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Did You Know A Giraffe Attended Thanksgiving?

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Happy Thanksgiving for my readers in the US! For the rest of you, hope you're having a great Thursday. Although, we have no proof of a giraffe pilgrim, we do have this picture. Hmmm, you never know. LOL. Thanks to getting Covid earlier this month (happy birthday to me), I'm just getting around to thinking about what I'm thankful for. I won't spend forever on a list, but I do want to hit some highlights. I'm thankful for: My family. They are my reason for most everything I do each and every day. YOU! Thank you for reading my posts! Fans of my books, both current and future. Authors spend thousands of hours creating stories for your enjoyment, so when you appreciate our hard work, it's very gratifying. I especially appreciate fans who review and/or share the books with others. The Giraffe Conservation Foundation for their work to keep giraffes as part of our world. My mother for teaching me how to make her sweet potato pudding and her nutty fingers--a family trad

Blessed Legs

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  I thought all men’s legs looked like that—harsh crevices outlining the muscles, puckering around the edges. Long gashes ran down his thighs, the shape of a huge eye to my youthful imagination. I stared at them, not because they were unusual, but because they were at eye level. Dad stood at the bathroom sink every morning, the scrape, scrape of his razor rasping away his overnight beard growth. Water trickled in the sink, swishing when he rinsed. I sat on the floor or on the cool edge of the tub and watched the foamy white cream disappear behind each stroke. His legs were not my focus, but children see what’s at eye level, soaking it in. I saw Dad’s legs. Confirming my belief that Dad’s legs were normal was the balance between each limb. The symmetry of the scars gave them permanence. I accepted those legs as sculpted and muscular. Not the ravaged remains of skin grafts after a bomb in France blew up beside a young soldier. War warranted a brief mention in my childhood years, the reas

5 Things Writers Do

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With the onset of November, I've begun to see some of my fellow writers posting about NaNoWriMo (National Novel Writing Month). This is an annual event where writers commit to getting 50,000 words of a story written. A novel is much longer than that, but it gives them a start. This got me thinking about other things writers do. What else do writers do? I decided to try my hand at creating an infographic about this. It took way too long, and I'm not thrilled with the platform I used to create it, but I did create it, so I'm going to share it. If you like it, feel free to share it too. What would you add?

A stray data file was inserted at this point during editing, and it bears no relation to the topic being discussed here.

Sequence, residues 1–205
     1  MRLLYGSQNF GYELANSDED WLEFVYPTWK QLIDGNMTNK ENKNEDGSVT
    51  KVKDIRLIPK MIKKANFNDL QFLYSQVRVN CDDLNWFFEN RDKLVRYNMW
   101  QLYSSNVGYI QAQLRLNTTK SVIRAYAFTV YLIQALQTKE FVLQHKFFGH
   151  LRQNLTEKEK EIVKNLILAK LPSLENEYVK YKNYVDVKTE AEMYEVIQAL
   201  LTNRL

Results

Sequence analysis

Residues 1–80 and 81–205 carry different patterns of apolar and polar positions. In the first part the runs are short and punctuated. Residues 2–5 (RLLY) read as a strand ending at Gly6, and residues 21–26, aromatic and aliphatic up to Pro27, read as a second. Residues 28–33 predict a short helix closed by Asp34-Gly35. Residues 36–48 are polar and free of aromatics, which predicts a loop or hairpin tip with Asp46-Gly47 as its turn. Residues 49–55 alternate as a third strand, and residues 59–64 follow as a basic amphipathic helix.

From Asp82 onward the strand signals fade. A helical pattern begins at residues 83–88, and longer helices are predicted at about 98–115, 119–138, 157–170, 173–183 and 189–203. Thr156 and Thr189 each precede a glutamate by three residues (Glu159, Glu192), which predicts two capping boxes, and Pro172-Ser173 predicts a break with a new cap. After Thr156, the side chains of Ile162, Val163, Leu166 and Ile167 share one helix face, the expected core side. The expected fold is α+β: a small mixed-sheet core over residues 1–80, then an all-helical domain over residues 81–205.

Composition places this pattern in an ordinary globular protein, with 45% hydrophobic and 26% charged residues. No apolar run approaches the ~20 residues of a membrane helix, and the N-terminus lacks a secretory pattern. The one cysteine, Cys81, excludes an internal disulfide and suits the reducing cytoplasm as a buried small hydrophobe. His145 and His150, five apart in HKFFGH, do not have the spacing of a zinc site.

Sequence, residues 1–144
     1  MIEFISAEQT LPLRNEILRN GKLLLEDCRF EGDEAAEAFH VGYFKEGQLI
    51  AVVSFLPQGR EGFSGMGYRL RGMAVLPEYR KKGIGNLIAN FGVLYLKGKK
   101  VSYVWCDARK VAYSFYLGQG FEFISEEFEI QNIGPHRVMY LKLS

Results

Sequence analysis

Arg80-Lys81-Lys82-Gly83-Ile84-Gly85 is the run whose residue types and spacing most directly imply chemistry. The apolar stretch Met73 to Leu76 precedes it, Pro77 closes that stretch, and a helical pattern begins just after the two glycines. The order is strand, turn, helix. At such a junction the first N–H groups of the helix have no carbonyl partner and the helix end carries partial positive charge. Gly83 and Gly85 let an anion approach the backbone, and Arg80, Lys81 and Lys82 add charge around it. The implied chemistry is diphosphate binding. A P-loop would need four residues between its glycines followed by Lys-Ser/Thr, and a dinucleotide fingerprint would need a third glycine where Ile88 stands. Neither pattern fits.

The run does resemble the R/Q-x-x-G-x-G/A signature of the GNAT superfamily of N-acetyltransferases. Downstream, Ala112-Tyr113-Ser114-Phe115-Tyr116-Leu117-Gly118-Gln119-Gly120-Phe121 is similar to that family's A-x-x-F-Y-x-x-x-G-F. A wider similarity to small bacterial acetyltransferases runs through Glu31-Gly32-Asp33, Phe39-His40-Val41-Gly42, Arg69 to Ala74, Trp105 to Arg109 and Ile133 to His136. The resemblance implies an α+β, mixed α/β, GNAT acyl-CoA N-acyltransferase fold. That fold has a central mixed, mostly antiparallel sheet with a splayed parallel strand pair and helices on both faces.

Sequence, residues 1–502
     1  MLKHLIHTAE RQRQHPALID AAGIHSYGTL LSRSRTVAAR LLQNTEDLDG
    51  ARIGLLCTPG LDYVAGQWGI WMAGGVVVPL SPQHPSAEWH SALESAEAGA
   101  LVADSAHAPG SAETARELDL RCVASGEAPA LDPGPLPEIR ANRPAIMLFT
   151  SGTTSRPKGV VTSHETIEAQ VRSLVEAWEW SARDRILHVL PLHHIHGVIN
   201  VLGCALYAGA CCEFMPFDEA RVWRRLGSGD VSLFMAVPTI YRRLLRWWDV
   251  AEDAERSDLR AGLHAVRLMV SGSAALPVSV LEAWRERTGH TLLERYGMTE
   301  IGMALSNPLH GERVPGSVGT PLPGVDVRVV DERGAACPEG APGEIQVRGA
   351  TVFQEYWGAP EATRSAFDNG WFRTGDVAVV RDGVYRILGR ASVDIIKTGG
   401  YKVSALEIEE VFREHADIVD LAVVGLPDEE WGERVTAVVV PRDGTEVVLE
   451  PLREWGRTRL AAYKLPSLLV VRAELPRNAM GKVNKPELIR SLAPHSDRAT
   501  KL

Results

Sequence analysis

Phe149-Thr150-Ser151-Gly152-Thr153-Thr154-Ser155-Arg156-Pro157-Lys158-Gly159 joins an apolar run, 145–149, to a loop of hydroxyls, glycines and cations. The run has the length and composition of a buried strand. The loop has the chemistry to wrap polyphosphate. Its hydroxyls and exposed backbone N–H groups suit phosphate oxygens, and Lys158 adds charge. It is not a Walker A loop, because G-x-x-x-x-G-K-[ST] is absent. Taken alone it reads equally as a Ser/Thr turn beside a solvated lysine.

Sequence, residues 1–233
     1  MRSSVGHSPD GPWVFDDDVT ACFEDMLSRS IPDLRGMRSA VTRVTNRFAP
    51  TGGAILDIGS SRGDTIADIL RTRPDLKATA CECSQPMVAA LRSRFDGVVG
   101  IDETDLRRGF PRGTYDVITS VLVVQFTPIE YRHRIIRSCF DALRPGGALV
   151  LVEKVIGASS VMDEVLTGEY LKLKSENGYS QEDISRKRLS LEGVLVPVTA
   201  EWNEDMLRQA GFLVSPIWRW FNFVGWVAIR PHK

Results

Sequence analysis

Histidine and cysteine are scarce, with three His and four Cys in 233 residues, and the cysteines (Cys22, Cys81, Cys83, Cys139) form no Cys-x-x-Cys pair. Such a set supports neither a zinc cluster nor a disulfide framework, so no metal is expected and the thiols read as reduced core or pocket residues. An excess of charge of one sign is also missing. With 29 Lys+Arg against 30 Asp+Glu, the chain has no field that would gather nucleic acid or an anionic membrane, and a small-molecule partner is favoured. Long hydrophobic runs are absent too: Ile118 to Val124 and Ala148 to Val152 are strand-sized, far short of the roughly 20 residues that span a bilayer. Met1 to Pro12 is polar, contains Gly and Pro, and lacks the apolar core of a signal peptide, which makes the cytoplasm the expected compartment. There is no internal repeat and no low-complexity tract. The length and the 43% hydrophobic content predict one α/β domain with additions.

Fantasy Weddings, Family Stuff, and Oh Yeah, Books!

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Woo wee! What a few weeks! Last time I posted, we were headed to my daughter's wedding in California. What an AMAZING celebration that was! With my daughter and her new husband's love for all things fantasy and science fiction, this wedding was a speculative fiction lover's dream. In fact, we may have been attending the Fairy Queen of Spring's wedding with all the enchanting touches. Heidi had four adorable flower fairies armed with unicorn bubble blowers.  Her brides fae wore ear cuffs—butterflies and dragonflies—while the matrons of honor wore elf ear cuffs. Oh, and she had one male brides fae whose ear cuff I covet—a dragon!  I didn't get any photos of the grooms men's cuff links but each one was based on their particular fandoms:  Indiana Jones, Game of Thrones, Spider Man, Mandalorian, etc. It never ceases to amaze me when I see the artistic talents of my children. Heidi spent months creating the full enchanted forest experience including fairy lanterns usi